Bockmuehl is exploring how we should read the text of the New Testament (and really, all of Scripture). The history of New Testament interpretation over the past 200 years has seen a wide divergence in interpretive methodology (hermeneutics) – a polyvalence of “ways of reading” – which greatly contrasts the methods in the 1800-ish years preceding. Much can be said in this regard, but suffice to say that the past 200 years of reading have been characterized a hermeneutic that privileges the autonomous rational subject. In other words, the individual seeks to understand the text basically through the power of rational/intellectual faculties. More recently, these readings have given way to a “deconstruction” of the text which has led to interpretive pluralism: “the text demands nothing but can yield anything under the proper caress.”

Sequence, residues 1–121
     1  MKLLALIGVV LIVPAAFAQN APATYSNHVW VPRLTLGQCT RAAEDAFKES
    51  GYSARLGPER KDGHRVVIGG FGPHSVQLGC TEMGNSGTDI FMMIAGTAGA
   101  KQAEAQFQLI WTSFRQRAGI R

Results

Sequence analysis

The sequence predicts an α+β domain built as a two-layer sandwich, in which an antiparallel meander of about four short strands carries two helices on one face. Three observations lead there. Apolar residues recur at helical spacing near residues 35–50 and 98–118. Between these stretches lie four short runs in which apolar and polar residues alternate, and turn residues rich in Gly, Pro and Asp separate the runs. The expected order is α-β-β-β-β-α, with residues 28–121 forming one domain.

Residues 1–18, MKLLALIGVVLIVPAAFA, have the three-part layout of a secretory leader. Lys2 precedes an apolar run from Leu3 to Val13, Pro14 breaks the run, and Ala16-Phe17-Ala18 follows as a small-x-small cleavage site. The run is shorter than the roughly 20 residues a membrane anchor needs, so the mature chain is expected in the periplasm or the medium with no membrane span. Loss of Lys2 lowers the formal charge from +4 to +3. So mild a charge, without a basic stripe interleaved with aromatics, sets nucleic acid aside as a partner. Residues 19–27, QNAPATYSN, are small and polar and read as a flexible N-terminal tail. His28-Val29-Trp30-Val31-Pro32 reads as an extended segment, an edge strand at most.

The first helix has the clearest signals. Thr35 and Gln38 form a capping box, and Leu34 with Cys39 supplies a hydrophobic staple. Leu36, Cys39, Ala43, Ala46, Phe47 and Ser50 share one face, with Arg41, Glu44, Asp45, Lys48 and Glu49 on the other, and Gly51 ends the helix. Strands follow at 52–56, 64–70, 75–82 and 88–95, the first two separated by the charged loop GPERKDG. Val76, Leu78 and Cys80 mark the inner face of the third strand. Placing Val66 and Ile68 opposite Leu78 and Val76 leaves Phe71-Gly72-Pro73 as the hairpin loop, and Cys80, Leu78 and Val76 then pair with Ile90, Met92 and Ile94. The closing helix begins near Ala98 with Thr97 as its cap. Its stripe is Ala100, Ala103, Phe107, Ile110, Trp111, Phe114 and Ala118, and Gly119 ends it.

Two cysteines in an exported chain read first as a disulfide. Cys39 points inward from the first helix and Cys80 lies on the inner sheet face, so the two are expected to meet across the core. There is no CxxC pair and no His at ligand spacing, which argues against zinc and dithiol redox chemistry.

Bockmuehl suggests that what the academy has (sometimes intentionally) ignored is that the implied interpreter of Christian Scripture is a disciple. The text is best approach not with reason, but with wisdom. Scripture itself offers little in the direction of critical reason and inquiry. In fact, both the New and Old Testaments are quite skeptical about autonomous reason (See Ecclesiastes and Romans 1). That is not to say that interpreters are to be un-reasonable, but that our reason needs transformation (Romans 12), and it is only the transformed mind that can discern and embrace the text. In other words, it is wisdom of God (Christ-centered and Spirit-driven) that the interpreter needs. “Only reason thus renewed by the Spirit can behold the beauty of God.” And, importantly, interpretation should be a communal and ecclesial task.  Why do even Christian scholars refuse to exegete this way?